If you follow my Facebook page, you will know that housekeeping is big on my moan list ' I just cant keep everything tidy' is rgularly muttered, uttered and sometimes shouted! But my kitchen whilst small is the one area I NEED everything to work smoothly, my kitchen is small but light airy and has a good feel to it. Thing is, real family kitchens are more about people than stuff. So you don’t need major building work or a huge space to create one, just a bit of imagination, some perseverance and a little patience. .
1. Get everyone interested in what’s cooking
Every family kitchen revolves around sharing food, so take that back to its most basic level and get younger kids involved in doing simple prep like washing lettuce, chopping carrots or learning to set the table. Older children are up for making easy dishes and much keener to sit down at meal times if praise is on the table. And teens find it a lot more difficult to sulk over an hour’s phone-separation if they’re on board to find an interesting recipe, source ingredients and take part ownership of family dinner.
2. Go open-plan if you can
The dream family kitchen would be big enough to fit in some comfy, lounge-around space. But if that’s not an option – like our kitchen – what about flowing your living room and kitchen together? It doesn’t need to be permanent. Internal bi-fold doors let you have big, open-plan space for family time and personal space when you want. They’re also great for family get-togethers and parties. And, let’s be honest, who doesn’t dream of having the perfect ‘extended family kitchen’ where everyone comes together to celebrate?
3. Make wall space matter
Think about putting up a large noticeboard in the kitchen and giving everyone some personal space to show off, express themselves or just get organised. A magnetic board with plenty of room lets younger kids hang drawings, older children can put up timetables or party invitations and the whole family knows who’s doing what and when. It’s a simple focal point in a family kitchen that really works. And giving someone the responsibility for making sure everything’s kept up to date makes it fun.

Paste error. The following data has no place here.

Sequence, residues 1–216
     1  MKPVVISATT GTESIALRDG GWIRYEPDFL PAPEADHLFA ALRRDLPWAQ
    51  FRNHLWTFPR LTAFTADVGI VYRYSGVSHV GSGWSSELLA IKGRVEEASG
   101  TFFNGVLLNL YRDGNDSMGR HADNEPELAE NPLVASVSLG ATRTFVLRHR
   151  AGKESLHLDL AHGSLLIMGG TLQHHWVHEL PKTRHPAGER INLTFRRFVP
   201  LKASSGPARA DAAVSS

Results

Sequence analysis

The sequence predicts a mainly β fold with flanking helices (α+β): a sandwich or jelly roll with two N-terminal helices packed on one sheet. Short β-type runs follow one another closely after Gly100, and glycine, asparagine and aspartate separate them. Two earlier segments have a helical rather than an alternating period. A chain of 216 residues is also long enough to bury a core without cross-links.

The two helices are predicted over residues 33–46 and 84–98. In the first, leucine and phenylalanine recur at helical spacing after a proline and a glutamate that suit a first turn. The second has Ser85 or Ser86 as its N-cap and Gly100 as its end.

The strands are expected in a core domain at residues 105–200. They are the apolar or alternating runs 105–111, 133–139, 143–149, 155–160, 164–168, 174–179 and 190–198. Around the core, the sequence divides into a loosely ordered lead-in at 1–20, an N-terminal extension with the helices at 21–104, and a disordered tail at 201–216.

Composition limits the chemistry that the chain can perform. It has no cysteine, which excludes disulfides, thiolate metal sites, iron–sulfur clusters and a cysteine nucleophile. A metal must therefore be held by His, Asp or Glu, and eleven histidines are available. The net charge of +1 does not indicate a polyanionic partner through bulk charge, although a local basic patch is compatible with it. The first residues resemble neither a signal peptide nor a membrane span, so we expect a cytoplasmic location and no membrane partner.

4. Put everything on the table
Every family kitchen needs a place to gather with enough room for everyone at once. An extending, traditional kitchen table is great if you’ve got the space. Alternatively we have a breakfast bar which can work just as well to let you keep an eye on homework and a cookie cutting five year old while you’re prepping dinner. Make good use of chopping blocks to keep messy little ones away from older kid’s maths’ problems and art projects.
5. Introduce some flexible thinking
In a recent interview, Maya Rudolph admitted to having a TV in her kitchen tuned to Turner Classic Movies in the hope ‘some Cary-style cool’ rubs off on her four young kids. You might not have those aspirations, but TV isn’t necessarily a bad thing if it makes the kitchen more loved and used. And it doesn’t need to be on all the time and definitely not during mealtimes. If you feel really strongly about the kitchen being a media-free zone, compromise with music. Older kids and teens will be happy to make up playlists and it’s a chance to find out who’s listening to what – you could even pick up a bit of parental cool in the process.
6. Grow your own space
If your kitchen opens out on to the garden like ours think about maximising potential there. External glazed bi-fold doors create light and space instantly, give your kids more freedom and make an outdoor room for family meals or barbecues that’s part of the family kitchen, but independent too. Plus, if you’re keen to get your children really interested in food, planting some container gardens for herbs and veggies will get them really hands on
7. Start as early as possible
The best family kitchens evolve and it’s never too early to make yours part of everyday life. Have a kitchen play area for babies and toddlers and they’ll develop a healthy attitude towards cooking and eating naturally. Use the room for creative fun and it will have good associations. Read stories and have quiet time in the kitchen and it’s somewhere your children will always feel comfortable and happy. We have activity boxes which can easily be brought in, with moon dough, or colouring in etc
And don’t forget the whole point is to make a ‘family’ kitchen, so ask the family for their suggestions too. You might start off with ‘snack drawers’ and tea time text breaks. Just be patient, the compromise is probably an ‘approved’ snack shelf and regular movie night.